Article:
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Syria in Last 24 Hours: Army Kills Tens of Takfiri Terrorists in Hama Province

12 July 2015 14:35



The Syrian army killed a large group of Takfiri terrorists in the province of Hama, including a senior commander.

The army units killed tens of the Al Nusra Front terrorist group in Qastoun village in the Northwestern parts of Hama.

Abu Hazifa, a senior commander of the Al Nusra Front, was among the dead in Qastoun province.

Also in the past 24 hours, the ISIL Takfiri terrorist group started massive troops pullout from the city of Palmyra (Tadmor) in Homs province following a series of gains by the Syrian army in the region.

Hundreds of ISIL terrorists have started retreating from Palmyra towards the Reqqa province as the army regained control of the surrounding areas of the city and Syrian forces are now only one kilometer away from the city, the informed military sources said.

Early Saturday morning sources informed that the Syrian army was about a mile away from the city.

“The Syrian troops are only 1,500 meters away from Palmyra and the city is within the reach of the army,” a Syrian military source told FNA.

The source noted that the Syrian forces have taken control of al-Siyaqeh school in the suburbs of Palmyra after killing tens of ISIL terrorists and destroying a many of their military equipment.

Meantime, the Syrian army killed at least 30 ISIL Takfiri terrorists during ongoing battles in the outskirts of the ancient city of Palmyra.

The battles in the vicinity of this millennia-old oasis city have been gaining momentum in recent days, as the Syrian forces were said to be waging a counter-offensive to recapture Palmyra from the ISIL hands, the so-called Syrian Observatory for Human Rights said.

On Thursday, the pan-Arab al-Mayadeen TV said the Syrian forces had launched an offensive to expel the ISIL group from the ancient city of Palmyra in the Eastern countryside of Homs province.

The army forces have been only few kilometers from the Western entrance of Palmyra, after the troops managed to retake around 15 kilometers West of the city amid the withdrawal of many ISIL militants toward the Eastern and Central parts of the city.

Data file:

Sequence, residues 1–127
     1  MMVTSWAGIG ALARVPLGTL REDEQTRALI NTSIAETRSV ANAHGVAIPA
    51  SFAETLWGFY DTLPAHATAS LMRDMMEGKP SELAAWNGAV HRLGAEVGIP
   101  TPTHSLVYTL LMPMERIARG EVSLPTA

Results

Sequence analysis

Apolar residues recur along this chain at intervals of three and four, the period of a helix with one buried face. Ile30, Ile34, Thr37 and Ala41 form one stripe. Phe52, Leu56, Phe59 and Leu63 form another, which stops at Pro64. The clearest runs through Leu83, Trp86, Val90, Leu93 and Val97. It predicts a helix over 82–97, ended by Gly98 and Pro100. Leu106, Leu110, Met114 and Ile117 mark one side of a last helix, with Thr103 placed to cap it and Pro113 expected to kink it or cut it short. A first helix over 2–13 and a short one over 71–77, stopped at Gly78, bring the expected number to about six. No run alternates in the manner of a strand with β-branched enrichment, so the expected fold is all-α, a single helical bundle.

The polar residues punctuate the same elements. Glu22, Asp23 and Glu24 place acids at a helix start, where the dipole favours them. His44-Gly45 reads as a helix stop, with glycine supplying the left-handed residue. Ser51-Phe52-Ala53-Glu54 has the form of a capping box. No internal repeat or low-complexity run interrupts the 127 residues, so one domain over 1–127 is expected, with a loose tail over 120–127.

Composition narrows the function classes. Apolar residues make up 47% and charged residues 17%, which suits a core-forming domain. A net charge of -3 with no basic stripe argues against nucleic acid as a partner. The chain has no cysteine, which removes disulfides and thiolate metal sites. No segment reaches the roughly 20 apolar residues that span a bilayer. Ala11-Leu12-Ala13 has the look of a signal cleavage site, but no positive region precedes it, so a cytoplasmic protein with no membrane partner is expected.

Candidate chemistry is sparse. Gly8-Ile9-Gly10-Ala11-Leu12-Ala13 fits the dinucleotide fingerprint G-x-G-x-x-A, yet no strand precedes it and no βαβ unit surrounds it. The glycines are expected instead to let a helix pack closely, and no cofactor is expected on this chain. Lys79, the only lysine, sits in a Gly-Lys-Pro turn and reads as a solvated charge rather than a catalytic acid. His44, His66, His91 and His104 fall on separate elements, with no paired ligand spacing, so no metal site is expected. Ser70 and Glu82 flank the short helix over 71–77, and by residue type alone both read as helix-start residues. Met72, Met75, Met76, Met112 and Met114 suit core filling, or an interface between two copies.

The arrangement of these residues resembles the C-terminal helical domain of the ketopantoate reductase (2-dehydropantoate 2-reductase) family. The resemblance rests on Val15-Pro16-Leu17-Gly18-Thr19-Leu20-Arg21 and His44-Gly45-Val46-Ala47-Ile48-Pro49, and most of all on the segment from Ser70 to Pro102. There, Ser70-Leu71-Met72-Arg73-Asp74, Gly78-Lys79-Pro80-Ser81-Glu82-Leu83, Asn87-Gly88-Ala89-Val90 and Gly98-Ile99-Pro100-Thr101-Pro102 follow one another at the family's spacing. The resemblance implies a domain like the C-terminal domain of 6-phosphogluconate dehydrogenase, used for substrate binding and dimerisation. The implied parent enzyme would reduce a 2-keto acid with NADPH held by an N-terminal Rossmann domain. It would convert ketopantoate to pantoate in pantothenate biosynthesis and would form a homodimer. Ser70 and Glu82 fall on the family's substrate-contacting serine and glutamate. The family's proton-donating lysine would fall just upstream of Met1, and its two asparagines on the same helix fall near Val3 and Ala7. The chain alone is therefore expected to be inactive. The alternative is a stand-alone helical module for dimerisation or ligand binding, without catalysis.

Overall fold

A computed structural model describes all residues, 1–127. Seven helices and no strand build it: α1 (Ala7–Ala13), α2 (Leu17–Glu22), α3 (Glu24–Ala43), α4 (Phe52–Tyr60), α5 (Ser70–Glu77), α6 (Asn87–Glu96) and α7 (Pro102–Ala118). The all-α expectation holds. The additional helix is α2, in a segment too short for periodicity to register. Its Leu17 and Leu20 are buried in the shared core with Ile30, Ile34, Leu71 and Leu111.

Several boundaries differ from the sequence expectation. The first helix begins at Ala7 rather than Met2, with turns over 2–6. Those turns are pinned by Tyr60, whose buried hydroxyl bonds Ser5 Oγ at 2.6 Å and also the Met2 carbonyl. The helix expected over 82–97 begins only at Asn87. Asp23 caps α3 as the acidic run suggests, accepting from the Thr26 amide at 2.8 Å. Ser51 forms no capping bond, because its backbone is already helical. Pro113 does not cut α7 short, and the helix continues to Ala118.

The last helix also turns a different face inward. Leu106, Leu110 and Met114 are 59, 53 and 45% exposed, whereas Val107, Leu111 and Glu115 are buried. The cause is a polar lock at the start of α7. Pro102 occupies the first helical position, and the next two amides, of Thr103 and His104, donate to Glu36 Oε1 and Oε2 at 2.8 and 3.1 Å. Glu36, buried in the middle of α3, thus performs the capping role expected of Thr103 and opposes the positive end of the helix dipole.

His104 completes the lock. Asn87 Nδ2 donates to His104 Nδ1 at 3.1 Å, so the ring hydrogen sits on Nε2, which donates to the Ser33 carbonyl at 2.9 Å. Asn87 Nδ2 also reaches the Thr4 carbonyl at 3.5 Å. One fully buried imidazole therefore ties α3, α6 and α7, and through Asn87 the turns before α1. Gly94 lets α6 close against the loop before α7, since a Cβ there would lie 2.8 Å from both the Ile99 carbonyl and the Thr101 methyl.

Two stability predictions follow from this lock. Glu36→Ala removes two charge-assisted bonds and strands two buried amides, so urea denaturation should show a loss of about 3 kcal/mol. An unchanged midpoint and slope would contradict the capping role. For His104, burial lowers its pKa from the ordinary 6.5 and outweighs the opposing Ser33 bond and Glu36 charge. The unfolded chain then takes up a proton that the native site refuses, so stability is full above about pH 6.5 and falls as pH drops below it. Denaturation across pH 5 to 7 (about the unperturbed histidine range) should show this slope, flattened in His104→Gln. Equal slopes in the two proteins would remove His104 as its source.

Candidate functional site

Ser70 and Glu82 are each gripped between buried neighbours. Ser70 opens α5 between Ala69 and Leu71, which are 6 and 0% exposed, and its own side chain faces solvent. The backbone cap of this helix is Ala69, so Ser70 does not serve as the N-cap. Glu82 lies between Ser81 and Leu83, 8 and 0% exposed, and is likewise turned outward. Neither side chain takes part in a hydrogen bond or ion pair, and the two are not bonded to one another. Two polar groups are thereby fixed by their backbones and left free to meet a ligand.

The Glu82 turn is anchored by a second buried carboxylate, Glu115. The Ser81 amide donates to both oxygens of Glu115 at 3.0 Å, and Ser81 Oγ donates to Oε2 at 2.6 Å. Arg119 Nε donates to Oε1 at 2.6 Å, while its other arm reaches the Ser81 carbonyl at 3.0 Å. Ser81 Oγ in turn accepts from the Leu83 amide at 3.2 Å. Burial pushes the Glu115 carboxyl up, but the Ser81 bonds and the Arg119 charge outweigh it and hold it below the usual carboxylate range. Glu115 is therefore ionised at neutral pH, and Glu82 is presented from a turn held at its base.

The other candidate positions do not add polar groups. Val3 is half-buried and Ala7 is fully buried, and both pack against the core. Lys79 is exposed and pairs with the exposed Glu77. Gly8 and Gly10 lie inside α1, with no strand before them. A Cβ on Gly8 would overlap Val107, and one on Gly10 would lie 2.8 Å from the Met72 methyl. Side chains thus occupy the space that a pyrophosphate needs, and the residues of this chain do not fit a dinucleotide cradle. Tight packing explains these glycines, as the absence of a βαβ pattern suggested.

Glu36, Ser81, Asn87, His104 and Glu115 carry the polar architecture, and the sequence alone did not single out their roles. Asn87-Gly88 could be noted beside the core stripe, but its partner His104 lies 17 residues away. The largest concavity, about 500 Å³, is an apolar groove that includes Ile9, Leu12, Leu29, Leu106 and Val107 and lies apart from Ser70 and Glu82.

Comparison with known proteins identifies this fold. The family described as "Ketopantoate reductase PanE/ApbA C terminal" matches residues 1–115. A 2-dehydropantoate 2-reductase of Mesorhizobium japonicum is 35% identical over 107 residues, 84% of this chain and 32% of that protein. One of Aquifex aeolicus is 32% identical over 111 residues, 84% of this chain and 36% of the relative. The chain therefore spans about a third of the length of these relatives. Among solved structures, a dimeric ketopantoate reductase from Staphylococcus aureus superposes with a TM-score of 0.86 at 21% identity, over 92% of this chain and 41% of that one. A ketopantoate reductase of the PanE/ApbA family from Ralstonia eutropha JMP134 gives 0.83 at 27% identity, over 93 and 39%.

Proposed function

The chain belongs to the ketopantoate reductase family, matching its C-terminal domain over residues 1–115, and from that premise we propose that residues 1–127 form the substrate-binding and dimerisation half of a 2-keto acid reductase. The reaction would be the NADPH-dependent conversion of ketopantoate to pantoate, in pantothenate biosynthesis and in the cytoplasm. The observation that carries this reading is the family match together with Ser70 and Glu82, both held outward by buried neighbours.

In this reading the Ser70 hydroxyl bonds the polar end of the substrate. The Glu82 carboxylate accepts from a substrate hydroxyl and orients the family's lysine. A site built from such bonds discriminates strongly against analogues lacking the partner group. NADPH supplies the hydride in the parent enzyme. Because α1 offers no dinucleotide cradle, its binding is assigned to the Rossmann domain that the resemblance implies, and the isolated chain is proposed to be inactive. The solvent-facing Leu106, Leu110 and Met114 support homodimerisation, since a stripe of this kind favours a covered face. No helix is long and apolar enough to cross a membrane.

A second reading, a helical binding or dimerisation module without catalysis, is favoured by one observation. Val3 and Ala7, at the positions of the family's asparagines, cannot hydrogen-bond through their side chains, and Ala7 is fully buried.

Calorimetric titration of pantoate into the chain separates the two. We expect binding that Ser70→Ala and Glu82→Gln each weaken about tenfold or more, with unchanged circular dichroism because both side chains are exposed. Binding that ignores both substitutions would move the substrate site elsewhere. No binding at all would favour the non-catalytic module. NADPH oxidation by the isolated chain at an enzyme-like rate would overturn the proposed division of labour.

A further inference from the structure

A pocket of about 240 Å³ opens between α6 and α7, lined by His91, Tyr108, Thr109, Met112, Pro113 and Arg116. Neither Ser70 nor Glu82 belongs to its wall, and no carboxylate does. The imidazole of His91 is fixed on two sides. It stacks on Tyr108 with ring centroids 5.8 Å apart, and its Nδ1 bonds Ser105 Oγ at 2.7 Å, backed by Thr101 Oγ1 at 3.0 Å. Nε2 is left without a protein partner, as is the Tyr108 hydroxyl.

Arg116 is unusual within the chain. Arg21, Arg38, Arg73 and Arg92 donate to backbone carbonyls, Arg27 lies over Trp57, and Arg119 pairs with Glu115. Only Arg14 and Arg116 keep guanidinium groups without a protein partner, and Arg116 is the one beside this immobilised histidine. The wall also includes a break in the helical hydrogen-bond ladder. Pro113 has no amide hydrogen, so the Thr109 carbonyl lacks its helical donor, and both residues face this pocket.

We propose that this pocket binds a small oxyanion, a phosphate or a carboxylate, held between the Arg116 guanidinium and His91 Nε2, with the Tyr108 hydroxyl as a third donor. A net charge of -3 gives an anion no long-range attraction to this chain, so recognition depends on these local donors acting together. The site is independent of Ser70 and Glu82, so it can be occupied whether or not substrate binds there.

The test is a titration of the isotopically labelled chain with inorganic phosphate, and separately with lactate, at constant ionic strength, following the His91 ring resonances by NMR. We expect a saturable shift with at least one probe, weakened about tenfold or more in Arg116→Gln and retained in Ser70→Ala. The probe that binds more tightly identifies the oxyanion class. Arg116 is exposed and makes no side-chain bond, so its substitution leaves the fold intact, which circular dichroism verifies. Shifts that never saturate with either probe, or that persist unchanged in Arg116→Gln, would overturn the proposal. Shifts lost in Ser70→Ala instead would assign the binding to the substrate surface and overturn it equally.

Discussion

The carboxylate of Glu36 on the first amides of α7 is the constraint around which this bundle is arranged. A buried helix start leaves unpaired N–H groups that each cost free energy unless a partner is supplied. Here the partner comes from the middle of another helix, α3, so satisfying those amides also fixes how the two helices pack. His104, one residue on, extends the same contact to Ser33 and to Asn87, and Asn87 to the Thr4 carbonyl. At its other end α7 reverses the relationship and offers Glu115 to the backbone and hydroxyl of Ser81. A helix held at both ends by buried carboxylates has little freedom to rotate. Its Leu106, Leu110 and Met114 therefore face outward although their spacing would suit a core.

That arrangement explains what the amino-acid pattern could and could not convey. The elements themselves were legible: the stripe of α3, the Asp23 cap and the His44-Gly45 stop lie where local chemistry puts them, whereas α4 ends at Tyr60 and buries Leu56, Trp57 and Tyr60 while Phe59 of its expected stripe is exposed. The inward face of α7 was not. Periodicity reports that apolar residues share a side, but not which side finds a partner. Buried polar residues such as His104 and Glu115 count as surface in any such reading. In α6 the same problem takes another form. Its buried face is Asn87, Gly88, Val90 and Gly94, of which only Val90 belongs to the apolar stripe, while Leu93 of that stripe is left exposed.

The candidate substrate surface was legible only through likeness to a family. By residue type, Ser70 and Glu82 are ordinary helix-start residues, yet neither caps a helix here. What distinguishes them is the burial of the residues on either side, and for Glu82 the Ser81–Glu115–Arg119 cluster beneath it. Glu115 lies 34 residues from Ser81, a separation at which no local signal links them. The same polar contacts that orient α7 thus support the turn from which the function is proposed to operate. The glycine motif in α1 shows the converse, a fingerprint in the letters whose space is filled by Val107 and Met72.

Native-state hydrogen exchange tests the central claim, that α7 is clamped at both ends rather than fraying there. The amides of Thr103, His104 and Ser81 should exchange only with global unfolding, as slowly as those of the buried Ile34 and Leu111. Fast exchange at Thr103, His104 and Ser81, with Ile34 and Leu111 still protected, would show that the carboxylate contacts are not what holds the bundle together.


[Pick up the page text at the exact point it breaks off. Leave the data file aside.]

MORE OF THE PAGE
The military operation will continue until the recapture of Palmyra, the TV said, adding that the government forces are attacking from three directions.

Palmyra is on the list of UNESCO’s World Heritage sites and located about 215 kilometers (133 miles) Northeast of the capital, Damascus.

Also, the UN experts said that almost 5,500 Tunisians are fighting alongside Takfiri militants abroad, urging Tunis to adopt a “national strategic plan” to curb the flow.

“The number of Tunisian foreign fighters is one of the highest among those travelling to join conflicts abroad such as in Syria and Iraq,” said Elzbieta Karska, current head of a UN working group on the use of mercenaries.

“Sophisticated travel networks operate to take recruits across the porous borders, and sometimes through areas where trafficking in people and illicit goods may not be effectively controlled,” Karska said after an eight-day mission to Tunisia.

“Testimony has documented that the routes taken entail travel through Libya, then Turkey and its border at Antakya, and then Syria,” she said.

Karska also pointed to possible links between mercenaries and foreign recruits to groups such as the ISIL terrorist group battling in Iraq and Syria.

“It was reported to us that recruiters in these networks are well paid — one figure given is that of $3,000 to $10,000 per new recruit, depending on the person’s qualifications,” she said.

She said an estimated 4,000 Tunisians were in Syria, between 1,000 and 1,500 in Libya, 200 in Iraq, 60 in Mali and 50 in Yemen. Around 625 who have returned from Iraq are being prosecuted, the expert said.

Karska urged Tunisian authorities to adopt “a national strategic plan… (to) respond to the diverse profiles and recruitment methods… (to) ensure the comprehensive adoption of international human rights standards in all its elements”.

Tunisia has brought in a raft of new security measures, including arming tourist police, since an extremist gunman killed 38 foreign holidaymakers, 30 of them Britons, at a beach resort on June 26.

Human Rights Watch on Friday accused Tunisian authorities of “arbitrarily preventing citizens from travelling outside the country since at least March”.

It said the policy affected mainly men and women under 35.

“Based on official statements, the measure is part of efforts to prevent people from joining extremist armed groups abroad,” the New York-based group said.

“However, turning back citizens at the airport, without any order from a prosecutor or a court, is arbitrary and violates Tunisian and international law.”

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